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"The Most Dangerous Game" is told from the omniscient third-person point of view, as bullgatortail states above. The story could not be told from the first-person point of view of either Rainsford or Zaroff because of the principle stated by Vladimir Nabokov: "The I in the story cannot die in the story." The first-person narrator must be alive to tell how the story ends. (An author could experiment by telling a story in which the first-person narrator actually does die but becomes a ghost and continues telling the story from his point of view.) If the author Richard Connell had written his story from the first-person point of view of Rainsford, we would know that he had not really been in mortal danger, since he would still be alive to tell the story at the end. And if Connell had tried to tell it from the first-person point of view of Zaroff, which could be intriguing, we would naturally assume that the general was going to win the "game" of death. But by having an invisible, omniscient narrator telling the story, the reader can be kept guessing about the final outcome. Another possibility would be to keep switching points of view from Rainsford's to Zaroff's. In that case, the story might end from a third point of view, that of Whitney for example, who arrives on the island and finds both men dead.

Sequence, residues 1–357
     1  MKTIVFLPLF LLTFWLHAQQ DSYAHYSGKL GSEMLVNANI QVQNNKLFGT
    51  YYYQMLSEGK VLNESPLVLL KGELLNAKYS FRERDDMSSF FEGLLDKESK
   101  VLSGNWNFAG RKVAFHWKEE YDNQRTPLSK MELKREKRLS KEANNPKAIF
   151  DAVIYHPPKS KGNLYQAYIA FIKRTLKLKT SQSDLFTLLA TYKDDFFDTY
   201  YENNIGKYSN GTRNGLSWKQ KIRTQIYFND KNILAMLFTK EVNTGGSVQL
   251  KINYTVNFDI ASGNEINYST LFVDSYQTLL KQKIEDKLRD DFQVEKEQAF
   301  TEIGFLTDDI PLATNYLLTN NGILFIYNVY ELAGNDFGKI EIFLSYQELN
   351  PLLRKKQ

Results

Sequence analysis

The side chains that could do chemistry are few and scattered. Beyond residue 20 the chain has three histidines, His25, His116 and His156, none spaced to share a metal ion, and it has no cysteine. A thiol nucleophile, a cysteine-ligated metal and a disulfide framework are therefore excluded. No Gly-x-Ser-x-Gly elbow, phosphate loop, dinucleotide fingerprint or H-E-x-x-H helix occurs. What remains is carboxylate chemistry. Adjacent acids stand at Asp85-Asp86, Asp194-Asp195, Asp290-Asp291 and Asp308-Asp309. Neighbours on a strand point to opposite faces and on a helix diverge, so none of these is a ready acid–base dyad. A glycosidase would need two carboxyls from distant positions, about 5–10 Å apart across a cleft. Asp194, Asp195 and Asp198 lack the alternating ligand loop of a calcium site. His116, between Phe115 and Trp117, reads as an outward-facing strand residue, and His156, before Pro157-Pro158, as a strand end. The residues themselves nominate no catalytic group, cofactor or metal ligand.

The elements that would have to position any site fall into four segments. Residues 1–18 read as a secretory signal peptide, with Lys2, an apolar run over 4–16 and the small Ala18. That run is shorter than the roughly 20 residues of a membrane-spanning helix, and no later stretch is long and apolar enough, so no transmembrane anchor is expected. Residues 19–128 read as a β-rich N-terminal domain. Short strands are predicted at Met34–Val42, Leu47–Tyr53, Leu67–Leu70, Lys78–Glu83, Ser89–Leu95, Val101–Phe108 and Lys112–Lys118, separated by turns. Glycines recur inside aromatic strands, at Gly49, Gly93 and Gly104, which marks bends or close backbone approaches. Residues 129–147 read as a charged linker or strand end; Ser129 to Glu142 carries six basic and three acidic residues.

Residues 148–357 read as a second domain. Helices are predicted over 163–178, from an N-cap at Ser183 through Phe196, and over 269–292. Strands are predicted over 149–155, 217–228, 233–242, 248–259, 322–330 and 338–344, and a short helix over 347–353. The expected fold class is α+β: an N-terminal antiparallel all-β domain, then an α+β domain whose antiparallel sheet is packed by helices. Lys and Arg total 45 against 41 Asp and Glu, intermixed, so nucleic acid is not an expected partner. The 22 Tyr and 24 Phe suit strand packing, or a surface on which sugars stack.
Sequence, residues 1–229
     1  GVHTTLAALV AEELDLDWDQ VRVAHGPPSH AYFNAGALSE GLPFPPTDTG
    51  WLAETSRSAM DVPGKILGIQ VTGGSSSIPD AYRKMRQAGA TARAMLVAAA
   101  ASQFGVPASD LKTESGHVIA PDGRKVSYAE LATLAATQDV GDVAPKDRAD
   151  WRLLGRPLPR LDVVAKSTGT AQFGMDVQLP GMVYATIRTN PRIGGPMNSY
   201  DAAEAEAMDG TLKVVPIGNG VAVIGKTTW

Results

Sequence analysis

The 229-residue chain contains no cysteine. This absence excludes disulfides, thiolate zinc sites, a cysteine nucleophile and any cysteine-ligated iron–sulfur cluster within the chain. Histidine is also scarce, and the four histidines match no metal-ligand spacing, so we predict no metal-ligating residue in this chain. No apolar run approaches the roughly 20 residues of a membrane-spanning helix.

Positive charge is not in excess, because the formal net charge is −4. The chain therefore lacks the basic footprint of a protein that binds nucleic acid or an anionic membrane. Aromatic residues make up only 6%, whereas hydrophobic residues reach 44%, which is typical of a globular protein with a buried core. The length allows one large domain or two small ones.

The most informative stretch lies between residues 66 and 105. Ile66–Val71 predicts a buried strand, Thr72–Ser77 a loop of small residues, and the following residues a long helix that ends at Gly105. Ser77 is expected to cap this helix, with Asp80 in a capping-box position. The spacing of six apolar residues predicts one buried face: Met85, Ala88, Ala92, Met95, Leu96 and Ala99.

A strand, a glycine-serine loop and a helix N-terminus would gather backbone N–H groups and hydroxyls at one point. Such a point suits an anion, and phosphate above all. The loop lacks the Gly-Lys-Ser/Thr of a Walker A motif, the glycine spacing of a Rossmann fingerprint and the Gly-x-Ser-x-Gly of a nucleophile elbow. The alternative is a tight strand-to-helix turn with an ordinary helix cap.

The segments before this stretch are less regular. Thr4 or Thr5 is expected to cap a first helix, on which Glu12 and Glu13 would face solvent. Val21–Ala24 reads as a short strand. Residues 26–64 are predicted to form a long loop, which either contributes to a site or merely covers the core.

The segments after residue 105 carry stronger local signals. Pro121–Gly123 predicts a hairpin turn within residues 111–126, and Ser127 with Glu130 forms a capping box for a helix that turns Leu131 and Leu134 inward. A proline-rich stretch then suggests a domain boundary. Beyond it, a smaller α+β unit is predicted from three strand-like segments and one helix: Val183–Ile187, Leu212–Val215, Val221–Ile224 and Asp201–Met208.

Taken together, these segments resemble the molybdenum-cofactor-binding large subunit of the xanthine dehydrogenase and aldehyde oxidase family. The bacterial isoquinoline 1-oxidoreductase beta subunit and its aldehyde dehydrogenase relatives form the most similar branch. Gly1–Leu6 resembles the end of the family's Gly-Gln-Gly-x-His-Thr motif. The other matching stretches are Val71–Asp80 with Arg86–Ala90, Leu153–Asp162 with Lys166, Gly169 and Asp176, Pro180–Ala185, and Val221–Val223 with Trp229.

Richard Connell chooses to use an omniscient third-person narrator for the telling of his short story "The Most Dangerous Game." Connell uses the narrator to tell much of the story from Rainsford's point of view. However, after Rainsford escapes Zaroff near the end of the story, Connell shifts for a short time to Zaroff's perspective as he returns from the hunt to enjoy a last meal. Some critics believe Connell's reasoning for the change is to show that Zaroff--the hunter throughout the story--has now become the hunted. In the final sentence, the focus shifts back to Rainsford's view as he decides that
He had never slept in a better bed.
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